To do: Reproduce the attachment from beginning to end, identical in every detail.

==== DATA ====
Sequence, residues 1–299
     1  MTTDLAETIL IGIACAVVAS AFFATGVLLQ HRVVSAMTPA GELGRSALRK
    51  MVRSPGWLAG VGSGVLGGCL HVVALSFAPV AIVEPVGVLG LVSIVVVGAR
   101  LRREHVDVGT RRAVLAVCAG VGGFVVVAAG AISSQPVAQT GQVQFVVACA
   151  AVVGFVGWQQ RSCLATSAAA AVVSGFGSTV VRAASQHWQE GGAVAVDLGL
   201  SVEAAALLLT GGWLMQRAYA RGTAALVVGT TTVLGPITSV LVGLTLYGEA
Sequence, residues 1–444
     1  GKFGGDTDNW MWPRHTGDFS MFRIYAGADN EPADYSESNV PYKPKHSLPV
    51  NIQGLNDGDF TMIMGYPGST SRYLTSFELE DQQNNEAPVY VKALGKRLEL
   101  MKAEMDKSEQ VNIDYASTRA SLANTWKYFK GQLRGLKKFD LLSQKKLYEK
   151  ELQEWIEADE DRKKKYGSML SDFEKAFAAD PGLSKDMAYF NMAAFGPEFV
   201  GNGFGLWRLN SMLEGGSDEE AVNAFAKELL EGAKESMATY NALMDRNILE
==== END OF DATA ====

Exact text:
Sequence, residues 1–299
     1  MTTDLAETIL IGIACAVVAS AFFATGVLLQ HRVVSAMTPA GELGRSALRK
    51  MVRSPGWLAG VGSGVLGGCL HVVALSFAPV AIVEPVGVLG LVSIVVVGAR
   101  LRREHVDVGT RRAVLAVCAG VGGFVVVAAG AISSQPVAQT GQVQFVVACA
   151  AVVGFVGWQQ RSCLATSAAA AVVSGFGSTV VRAASQHWQE GGAVAVDLGL
   201  SVEAAALLLT GGWLMQRAYA RGTAALVVGT TTVLGPITSV LVGLTLYGEA
Sequence, residues 1–444
     1  GKFGGDTDNW MWPRHTGDFS MFRIYAGADN EPADYSESNV PYKPKHSLPV
    51  NIQGLNDGDF TMIMGYPGST SRYLTSFELE DQQNNEAPVY VKALGKRLEL
   101  MKAEMDKSEQ VNIDYASTRA SLANTWKYFK GQLRGLKKFD LLSQKKLYEK
   151  ELQEWIEADE DRKKKYGSML SDFEKAFAAD PGLSKDMAYF NMAAFGPEFV
   201  GNGFGLWRLN SMLEGGSDEE AVNAFAKELL EGAKESMATY NALMDRNILE